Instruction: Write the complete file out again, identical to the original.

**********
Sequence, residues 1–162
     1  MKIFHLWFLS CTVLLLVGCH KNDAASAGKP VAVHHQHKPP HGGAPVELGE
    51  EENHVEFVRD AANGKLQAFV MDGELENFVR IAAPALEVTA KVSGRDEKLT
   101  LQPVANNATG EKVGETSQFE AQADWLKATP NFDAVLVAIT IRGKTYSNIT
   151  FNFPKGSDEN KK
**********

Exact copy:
Sequence, residues 1–162
     1  MKIFHLWFLS CTVLLLVGCH KNDAASAGKP VAVHHQHKPP HGGAPVELGE
    51  EENHVEFVRD AANGKLQAFV MDGELENFVR IAAPALEVTA KVSGRDEKLT
   101  LQPVANNATG EKVGETSQFE AQADWLKATP NFDAVLVAIT IRGKTYSNIT
   151  FNFPKGSDEN KK